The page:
For the Birds Radio Program: Cedar Waxwings

Original Air Date: July 20, 2004

Cedar Waxwings are gathering in flocks, so many calling at once in soft, sibilant calls that the bushes sound as if they’re purring with sleepy contentment. (5:02) Date confirmed.

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August is the month when the most soft-spoken of songbirds become quietly conspicuous. Cedar Waxwings have a high-pitched, sibilant, wavering call that sounds to my imagination like tiny mice snoring. After louder bird songs quiet down in mid-July, suddenly waxwing voices are more noticeable. And the birds themselves begin gathering in dense berry thickets, so many calling at once that the bushes sound as if they’re purring with sleepy contentment.

This is the bountiful time of year for waxwings. They satisfy their high-carb cravings and get their vitamins dining on berries while getting plenty of exercise and protein sallying forth from bare branches to snap up flying insects in mid-air. I take great pleasure in sitting out on a hot August afternoon watching them, their sleeping snores adding to the lazy, hazy, summery ambience.

Waxwings are unusually convivial birds. Even during the height of the nesting season, when most species are territorial, waxwings get along with their neighbors, two or more pairs sometimes even sharing the same nesting tree. But in one respect they’re somewhat akin to overbearing neighbors in a television sitcom—they often visit neighboring nests to “borrow” nesting material. It’s not a problem when they’re taking fibers and other materials out of nests from the previous year, but occasionally one pair of waxwings will appropriate building materials from other waxwings and from other species, though most of the reports I’ve read about them stealing fibers involved Chipping Sparrow nests. Chippies incorporate a lot of mammal hairs into their nests, so these tiny sparrows spend a lot of time searching out horses and dogs. (I used to watch one Chipping Sparrow pluck fur from my golden retriever’s back while the oblivious dog slept on the porch.) Waxwings virtually always line their nests with soft fibers, and it’s much easier to take these materials from a nearby Chipping Sparrow nest than to find their own horses and dogs.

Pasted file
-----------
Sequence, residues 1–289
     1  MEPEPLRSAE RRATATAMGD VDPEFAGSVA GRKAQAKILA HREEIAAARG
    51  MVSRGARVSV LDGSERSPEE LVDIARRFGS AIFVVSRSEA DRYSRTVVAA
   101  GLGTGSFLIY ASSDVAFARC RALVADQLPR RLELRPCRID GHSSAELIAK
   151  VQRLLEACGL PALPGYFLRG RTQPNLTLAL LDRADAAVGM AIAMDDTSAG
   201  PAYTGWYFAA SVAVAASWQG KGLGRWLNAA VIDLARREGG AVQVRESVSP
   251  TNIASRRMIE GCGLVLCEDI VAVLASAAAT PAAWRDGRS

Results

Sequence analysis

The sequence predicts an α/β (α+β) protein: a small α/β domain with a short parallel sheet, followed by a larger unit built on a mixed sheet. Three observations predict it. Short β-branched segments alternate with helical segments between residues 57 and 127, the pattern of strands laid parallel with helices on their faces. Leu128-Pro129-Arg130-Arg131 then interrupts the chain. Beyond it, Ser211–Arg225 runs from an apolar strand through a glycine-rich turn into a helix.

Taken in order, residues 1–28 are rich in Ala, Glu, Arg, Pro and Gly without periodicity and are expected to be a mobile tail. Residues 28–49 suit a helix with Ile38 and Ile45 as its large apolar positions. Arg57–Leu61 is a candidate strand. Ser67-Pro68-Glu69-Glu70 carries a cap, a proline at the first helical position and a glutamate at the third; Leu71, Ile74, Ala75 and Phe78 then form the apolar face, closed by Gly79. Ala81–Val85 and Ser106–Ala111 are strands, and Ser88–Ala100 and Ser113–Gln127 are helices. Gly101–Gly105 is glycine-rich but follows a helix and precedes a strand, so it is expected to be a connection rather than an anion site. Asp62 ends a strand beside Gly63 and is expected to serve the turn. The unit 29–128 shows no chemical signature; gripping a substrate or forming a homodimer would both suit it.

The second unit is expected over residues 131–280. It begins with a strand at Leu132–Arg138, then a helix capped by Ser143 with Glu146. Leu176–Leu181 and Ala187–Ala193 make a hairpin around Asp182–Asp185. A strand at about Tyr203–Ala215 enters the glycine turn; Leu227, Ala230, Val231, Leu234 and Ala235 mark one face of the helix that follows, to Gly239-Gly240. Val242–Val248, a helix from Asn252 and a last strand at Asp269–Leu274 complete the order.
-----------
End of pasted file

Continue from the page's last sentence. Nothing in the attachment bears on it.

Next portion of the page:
As if to make up for their excessive borrowing of building supplies, waxwings are very generous with their food, often passing a single morsel back and forth from one bird to another back and forth along a line of birds before one finally eats it. When I was rehabbing, one winter I cared for an injured Bohemian Waxwing at a time when I had a few hundred of them feeding in my yard. I fed the injured bird several mountain ash berries. Within ten or twelve minutes, the berries came out the other end, completely undigested. Apparently the waxy coating on the berries wasn’t broken down by the bird’s digestive juices. But I got an idea after watching my backyard waxwings feeding each other: I tried rolling a berry between my fingers for a few minutes before offering it to the bird, and this process apparently softened the skin, making it digestible. It occurred to me that the charming habit of mouthing a berry back and forth not only cemented a flock’s social bonds; it also helped them digest the food.

Waxwings are handsome birds, with extraordinarily sleek plumage and an elegant crest. Their tail is tipped with bright yellow, and many of their secondary wing feathers are tipped with brilliant red. Statistically, the older a waxwing is, the more of these feather tips it sports. The older a waxwing is, the more appeal it has for members of the opposite sex. Unlike many humans, birds consider age and experience far more sexy than mere youthfulness.

So as I sit back on a lazy afternoon, watching and listening to these convivial birds, I take satisfaction in their pleasant interactions, graceful flight, and interesting behaviors, but most especially in their affirmation that at least for some species, that old TV commercial rings true: You’re not getting older, you’re getting better.